Under the new requirements, ADIs must be operationally prepared to implement certain macroprudential policy measures, if needed to avoid potential barriers to timely and effective implementation.
The new requirements are aimed at strengthening the transparency, implementation and enforceability of future policy responses aimed at reducing financial stability risks. Grant Thornton hosted a roundtable in February 2022 where we provided commentary on the proposed revisions and unpacked with our clients the potential impact on ADIs. We then made a submission on APRA’s consultation paper.
The submission focused on the following four areas that APRA responded on:
1. Providing more clarity on the measures proposed regarding:
a. Loan types expected to fall into each category, calling out interest only loans (such as construction loans) and lending with high LVR or DTI ratios but including guarantors (such as first home buyers or loans with Lenders Mortgage Insurance).
APRA’s response – Consistent with APRA’s macroprudential policy framework, APRA and the Council of Financial Regulators (CFR) will consider the broader impacts of potential policy options at the time, taking into account the risks that are being targeted, possible unintended consequences and alternative options. However, narrowing options today with specific carve outs, when future risks are not known, could reduce the effectiveness of APRA’s macroprudential policy toolkit.
b. Minimum lead times ADIs will be provided to comply with any new limits or lending standards, while managing pipeline and customer experience.
APRA’s Response – ADIs would be given advance notice on APRA’s concerns in the lead up to macroprudential policy interventions. APRA has also updated the new attachment to APS 220 to clarify that ADIs would be given at least one month notice, prior to any lending limits being implemented.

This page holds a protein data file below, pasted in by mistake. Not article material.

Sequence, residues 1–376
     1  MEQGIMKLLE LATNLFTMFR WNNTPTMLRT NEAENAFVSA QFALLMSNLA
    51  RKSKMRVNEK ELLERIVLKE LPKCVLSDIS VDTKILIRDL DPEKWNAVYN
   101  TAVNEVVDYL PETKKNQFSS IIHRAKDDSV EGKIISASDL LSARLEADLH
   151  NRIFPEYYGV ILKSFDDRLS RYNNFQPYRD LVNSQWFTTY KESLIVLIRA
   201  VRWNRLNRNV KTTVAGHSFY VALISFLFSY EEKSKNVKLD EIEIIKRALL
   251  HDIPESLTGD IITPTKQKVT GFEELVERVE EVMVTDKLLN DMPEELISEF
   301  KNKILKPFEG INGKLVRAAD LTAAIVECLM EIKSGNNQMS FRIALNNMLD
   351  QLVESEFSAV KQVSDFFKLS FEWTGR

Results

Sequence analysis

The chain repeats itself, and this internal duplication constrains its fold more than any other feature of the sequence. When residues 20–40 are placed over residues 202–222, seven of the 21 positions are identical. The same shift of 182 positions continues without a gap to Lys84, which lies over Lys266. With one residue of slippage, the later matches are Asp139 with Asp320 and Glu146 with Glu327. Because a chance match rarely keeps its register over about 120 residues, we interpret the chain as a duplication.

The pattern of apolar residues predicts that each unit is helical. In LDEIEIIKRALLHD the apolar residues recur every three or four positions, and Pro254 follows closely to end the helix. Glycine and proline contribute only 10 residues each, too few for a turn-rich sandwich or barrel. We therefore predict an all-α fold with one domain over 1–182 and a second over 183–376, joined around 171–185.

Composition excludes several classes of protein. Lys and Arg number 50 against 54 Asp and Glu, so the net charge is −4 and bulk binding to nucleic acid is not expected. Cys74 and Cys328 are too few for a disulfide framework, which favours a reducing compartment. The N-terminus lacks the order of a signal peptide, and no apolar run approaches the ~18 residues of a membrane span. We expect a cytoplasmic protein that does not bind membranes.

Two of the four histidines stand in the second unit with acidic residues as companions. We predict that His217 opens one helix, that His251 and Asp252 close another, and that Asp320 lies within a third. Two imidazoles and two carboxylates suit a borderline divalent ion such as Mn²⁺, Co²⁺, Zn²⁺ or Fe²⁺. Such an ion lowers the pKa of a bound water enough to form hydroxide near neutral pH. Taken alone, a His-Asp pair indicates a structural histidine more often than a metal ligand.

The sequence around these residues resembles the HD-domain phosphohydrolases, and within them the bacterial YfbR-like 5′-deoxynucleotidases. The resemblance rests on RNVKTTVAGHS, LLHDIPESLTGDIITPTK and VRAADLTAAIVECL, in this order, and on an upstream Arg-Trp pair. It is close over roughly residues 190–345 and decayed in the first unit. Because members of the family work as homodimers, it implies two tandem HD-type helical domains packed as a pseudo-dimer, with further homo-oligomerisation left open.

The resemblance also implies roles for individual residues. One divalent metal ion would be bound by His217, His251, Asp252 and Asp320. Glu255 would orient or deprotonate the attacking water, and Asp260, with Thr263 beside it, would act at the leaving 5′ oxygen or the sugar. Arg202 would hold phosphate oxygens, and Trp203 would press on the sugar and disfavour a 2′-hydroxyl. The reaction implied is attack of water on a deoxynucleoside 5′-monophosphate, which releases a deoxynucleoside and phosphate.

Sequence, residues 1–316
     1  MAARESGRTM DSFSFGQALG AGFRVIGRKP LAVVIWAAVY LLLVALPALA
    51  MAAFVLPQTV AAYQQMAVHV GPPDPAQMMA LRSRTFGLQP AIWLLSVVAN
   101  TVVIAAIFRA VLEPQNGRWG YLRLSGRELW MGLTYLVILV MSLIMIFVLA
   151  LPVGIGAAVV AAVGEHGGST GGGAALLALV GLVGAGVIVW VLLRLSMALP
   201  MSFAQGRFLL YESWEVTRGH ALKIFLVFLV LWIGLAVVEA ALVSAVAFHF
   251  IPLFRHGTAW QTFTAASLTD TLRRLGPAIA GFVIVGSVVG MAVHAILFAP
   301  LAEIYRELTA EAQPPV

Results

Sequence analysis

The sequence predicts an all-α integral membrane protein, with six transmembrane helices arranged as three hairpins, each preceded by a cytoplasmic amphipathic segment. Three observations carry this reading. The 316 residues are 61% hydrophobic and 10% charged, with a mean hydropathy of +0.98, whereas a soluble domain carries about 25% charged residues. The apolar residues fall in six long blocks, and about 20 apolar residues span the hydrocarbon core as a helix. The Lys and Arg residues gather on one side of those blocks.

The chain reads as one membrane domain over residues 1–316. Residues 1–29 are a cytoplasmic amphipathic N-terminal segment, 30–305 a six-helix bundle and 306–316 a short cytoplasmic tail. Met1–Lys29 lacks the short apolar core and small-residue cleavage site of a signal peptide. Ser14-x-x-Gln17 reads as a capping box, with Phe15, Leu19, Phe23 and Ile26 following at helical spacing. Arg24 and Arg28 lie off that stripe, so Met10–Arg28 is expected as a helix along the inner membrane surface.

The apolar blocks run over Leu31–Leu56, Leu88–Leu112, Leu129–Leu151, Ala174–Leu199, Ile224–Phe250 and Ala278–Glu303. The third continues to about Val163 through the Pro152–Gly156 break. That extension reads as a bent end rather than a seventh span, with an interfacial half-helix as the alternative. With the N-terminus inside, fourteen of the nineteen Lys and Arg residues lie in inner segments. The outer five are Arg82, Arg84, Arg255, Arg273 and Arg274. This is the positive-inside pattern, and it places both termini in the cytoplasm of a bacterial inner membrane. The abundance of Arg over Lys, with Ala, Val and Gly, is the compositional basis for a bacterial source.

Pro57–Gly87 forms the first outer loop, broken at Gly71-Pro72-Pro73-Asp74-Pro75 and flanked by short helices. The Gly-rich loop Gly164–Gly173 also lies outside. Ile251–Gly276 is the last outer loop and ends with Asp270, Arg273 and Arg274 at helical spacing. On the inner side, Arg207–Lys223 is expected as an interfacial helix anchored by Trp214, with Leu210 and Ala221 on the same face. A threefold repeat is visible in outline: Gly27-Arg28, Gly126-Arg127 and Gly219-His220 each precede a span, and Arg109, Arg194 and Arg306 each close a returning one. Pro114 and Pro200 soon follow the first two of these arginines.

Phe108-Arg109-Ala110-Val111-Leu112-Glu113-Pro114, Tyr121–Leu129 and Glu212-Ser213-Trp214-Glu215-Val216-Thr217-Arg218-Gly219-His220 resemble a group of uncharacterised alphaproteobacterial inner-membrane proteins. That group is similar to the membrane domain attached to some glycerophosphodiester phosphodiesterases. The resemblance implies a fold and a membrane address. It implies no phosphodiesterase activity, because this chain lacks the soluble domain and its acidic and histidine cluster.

2. Increasing the focus on lending standard measures rather than lending limits – The ability for ADIs to implement changes to lending standards such as serviceability buffers is generally easier than having to apply lending limits as it is at an individual loan level and can be discussed with borrowers at the initial application phase.
APRA’s Response – As set out in APRA’s macroprudential policy framework, prior engagement with the Council of Financial Regulators (CFR) would also be an essential prerequisite for initiating any macroprudential policy response. This ensures that there is alignment, among financial regulators, on the assessment of the risk outlook and the need for a macroprudential policy response. It also provides an opportunity to assess the wider impacts of policy options, including potential economic and distributional impacts.
3. Proportionate application of the proposed measures – For a number of the proposed measures we emphasised the need for proportionality so as not to afford larger ADIs a competitive advantage.
APRA’s response – While APRA will consider the need for proportionality as part of future policy responses, an outcome where higher-risk lending simply migrates from larger to smaller entities would not be consistent with APRA’s macroprudential objectives.
4. Limitations on public disclosure which could negatively impact competition within the banking industry if customers use this information to make decisions about which ADI to approach for their financial services needs.
APRA’s response – APRA will consider ACCC advice as part of any future decisions to require public disclosure of macroprudential policy on a case-by-case basis.
APRA also provided further clarity on definition of borrower’s gross income and debt-to-income ratio to include HECS-HELP loans and debt incurred through buy ow pay later schemes
What are the expectations for ADIs?
- Closely monitor housing lending risks within appetite
- Review internal policies for compliance with revised APS 220 by effective date and corresponding amendments to Prudential Practice Guide APG 223 Residential Mortgage Lending
- Have systems in place to limit growth in higher risk residential mortgage lending, such as loans at high debt-to-income multiples or high loan-to-valuation ratios.